‘Timeless’ Has a Need for Speed in “The Darlington 500”

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Photo by Justin Lubin/NBC

TIMELESS: 2.02 “The Darlington 500”

Timeless went racing back to 1955 in another high-powered episode, this time chasing a Rittenhouse sleeper agent that has already changed history: Ryan Millerson.

While the show has done a relatively good job so far avoiding head-scratching time-paradox moments, this is really the first episode where we need to step back and understand what’s happened. We already knew that Rittenhouse was sending agents back in time, so they could influence history. In this particular case, we have race car hero Ryan Millerson, who Wyatt idolized as a child. Except he didn’t. Ryan was placed in 1946 only a few weeks ago and his impact there made such an impression that it rewrote history. Wyatt’s memories are not from when he was six years old. They’re actually new.

If that makes you get a headache and a panic attack at the same time, let’s take this a step further to try to understand Rittenhouse’s plan. Given that Emma and her lackeys then went back in time to meet up with Ryan in 1955, this means that it’s not simple enough for Rittenhouse to simply place someone in time and say, “Ok, when you get to the Darlington 500 in 1955, place a bomb in your car and kill the important auto executives.” Clearly, they need to see what effect their sleeper had on time, in order to then go back and execute their plan. After all, what if Ryan crashed his car in his first race, destroying any chance to be a famous race car driver? What if he was good, but never good enough to make it to Darlington? They need to know what could really happen. Which means, they essentially told Ryan, “We’re placing you in 1946. At some point, we’ll be back so you can take on this suicide mission, but in the meantime, become as successful as a race car driver as possible.”

This seems a little convenient for the show—otherwise, what’s the point of having anyone go back in time? We’d never know what Rittenhouse did or didn’t plan in our dark times of history—and a little overly complicated for Rittenhouse. And since good ol’ grandpappy Nicolas was the one who came up with this plan way back in the early 20th century, I think we’re starting to see exactly how crazy and/or brilliant he really is. And that was long before he painted a manifesto mural on a wall.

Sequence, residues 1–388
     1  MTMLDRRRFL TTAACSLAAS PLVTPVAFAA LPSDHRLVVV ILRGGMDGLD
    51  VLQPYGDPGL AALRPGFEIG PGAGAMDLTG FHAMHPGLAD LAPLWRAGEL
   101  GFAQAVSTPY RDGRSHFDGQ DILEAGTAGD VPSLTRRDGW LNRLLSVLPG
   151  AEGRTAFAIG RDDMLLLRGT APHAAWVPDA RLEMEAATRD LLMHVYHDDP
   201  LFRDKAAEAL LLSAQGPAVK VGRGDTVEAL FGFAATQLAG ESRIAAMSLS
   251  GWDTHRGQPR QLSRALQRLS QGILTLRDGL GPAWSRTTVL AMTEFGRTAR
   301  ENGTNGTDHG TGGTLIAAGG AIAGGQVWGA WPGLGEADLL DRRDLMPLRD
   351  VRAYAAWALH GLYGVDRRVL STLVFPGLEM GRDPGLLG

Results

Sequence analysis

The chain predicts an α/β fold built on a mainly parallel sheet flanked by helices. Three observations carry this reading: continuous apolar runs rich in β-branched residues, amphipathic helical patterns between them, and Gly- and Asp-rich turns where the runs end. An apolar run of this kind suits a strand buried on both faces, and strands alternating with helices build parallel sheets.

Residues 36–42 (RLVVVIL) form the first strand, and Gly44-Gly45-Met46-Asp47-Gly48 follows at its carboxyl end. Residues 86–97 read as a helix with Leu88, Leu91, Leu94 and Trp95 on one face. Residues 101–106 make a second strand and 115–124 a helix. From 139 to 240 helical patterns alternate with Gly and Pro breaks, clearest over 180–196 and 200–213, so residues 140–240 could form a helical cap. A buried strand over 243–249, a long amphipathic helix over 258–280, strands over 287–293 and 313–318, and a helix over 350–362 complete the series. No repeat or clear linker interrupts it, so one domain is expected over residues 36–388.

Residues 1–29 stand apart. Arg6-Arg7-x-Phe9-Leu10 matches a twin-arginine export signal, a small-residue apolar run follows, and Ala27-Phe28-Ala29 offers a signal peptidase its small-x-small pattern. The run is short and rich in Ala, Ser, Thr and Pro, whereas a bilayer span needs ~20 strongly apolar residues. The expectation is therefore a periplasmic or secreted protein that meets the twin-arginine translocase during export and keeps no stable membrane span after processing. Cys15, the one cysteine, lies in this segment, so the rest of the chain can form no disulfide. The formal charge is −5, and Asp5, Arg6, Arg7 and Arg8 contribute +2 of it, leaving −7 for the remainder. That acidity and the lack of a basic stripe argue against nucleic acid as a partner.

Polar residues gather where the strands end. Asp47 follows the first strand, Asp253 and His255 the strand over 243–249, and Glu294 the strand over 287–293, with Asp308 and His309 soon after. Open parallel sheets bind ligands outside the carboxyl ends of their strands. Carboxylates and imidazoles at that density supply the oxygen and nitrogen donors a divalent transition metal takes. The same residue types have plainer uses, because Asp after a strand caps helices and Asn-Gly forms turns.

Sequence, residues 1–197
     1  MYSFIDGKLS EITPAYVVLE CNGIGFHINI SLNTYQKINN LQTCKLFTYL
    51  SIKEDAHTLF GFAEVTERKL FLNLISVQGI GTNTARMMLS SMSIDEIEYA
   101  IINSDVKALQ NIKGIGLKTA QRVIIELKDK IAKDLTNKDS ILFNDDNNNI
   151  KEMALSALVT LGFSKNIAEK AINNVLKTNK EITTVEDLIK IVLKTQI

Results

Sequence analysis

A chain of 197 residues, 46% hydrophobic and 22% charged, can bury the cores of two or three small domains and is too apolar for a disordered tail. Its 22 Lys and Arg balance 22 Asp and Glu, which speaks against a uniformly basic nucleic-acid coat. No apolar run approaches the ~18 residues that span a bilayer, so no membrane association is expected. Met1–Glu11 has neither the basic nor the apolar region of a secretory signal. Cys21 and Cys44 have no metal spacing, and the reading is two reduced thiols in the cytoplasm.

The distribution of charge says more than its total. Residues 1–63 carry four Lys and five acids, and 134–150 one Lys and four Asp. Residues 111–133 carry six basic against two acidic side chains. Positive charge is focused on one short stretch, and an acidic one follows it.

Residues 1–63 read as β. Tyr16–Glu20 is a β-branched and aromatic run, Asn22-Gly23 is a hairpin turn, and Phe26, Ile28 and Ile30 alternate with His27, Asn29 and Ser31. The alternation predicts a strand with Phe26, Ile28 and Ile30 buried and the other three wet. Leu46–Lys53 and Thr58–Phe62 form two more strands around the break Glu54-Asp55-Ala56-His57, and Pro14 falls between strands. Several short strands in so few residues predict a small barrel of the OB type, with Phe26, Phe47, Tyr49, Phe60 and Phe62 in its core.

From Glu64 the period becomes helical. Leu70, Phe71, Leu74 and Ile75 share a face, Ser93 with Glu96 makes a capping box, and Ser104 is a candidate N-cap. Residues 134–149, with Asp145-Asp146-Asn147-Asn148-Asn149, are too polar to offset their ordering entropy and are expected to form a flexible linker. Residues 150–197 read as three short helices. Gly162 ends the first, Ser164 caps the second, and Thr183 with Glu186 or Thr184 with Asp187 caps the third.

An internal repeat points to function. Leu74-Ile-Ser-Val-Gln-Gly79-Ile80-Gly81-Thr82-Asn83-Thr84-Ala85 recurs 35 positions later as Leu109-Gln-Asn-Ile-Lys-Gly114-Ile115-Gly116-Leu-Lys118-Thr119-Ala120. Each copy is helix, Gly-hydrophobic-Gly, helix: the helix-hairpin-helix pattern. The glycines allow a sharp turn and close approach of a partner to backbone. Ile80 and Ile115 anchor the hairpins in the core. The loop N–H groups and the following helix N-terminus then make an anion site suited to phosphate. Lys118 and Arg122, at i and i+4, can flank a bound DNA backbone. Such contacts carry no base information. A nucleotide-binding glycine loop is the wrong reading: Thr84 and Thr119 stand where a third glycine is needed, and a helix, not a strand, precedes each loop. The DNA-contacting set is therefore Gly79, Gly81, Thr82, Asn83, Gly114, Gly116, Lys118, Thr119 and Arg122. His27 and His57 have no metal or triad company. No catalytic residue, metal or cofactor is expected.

Is your head spinning? Because mine is a little. But let’s focus on a few other things that happened in this episode, beyond these big picture, world-changing, history-changing sleepers.

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‘Timeless’ Is Back — And Off to a Great Start

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Photo by Justin Lubin/NBC

TIMELESS: 2.01 “The War to End All Wars”

I’ve spent the entire day thinking about Timeless.

To say season 2 packed a punch would be an understatement. The last season ended on a shocking revelation: Lucy’s mother is part of Rittenhouse. But that was just the start of what would change the lives of the entire Time Team. Moments after Carol confessed her true role, Lucy is taken, and Mason Industries blows up.

Let’s just say it was an explosive beginning to what appears to be a thrilling season already.

We jump back in six weeks later, where the remaining members of the Time Team are hunkering down in a bunker, hiding from Rittenhouse, who assumes they all died in the explosion. Rufus is trying to fix the life boat, while Wyatt is brooding and itching to get out and find Lucy. And everyone—Jiya, Connor Mason, and Agent Christopher—are all getting used to their new lives and new digs.

Wyatt’s reaction was especially interesting (and not only because I’m a Wyatt and Lucy shipper). Her disappearance hit all the same buttons that his late wife did. Lucy disappears into thin air, presumed dead. But Wyatt refuses to believe it, insisting that Rittenhouse has her, and he needs to find her and bring her home. He’s overly angry and overly emotional, but it’s all fitting when you consider his past.

Meanwhile, we find Lucy dressed up for WWI, ready to go change history with her mother. You have to be impressed with Abigail Spencer, who from the moment we see her, seems like a very different Lucy. Gone is the light in her eyes, her animated excitement, and general passion. Instead, she seems focused, if distanced, and ready to do what’s next. At this point, though, it’s uncertain what that is.

From the get-go, I never doubted Lucy. I didn’t think she’d willingly turn and become part of Rittenhouse. I could see how hard it was for her to shoot an innocent man, and that she was doing it against her better judgment. It wasn’t to prove loyalty; it was to play a part. But I also didn’t think she’d go as far as to take on a suicide mission, a mission where she’d either be left behind in 1918 or get blown up in the mother ship during a jump. And to hear it so soon after being reunited with her fellow Time Teamers, who she had long believed were dead. It was heartbreaking to realize how far she’d go to stop Rittenhouse when she thought she was alone in the war.

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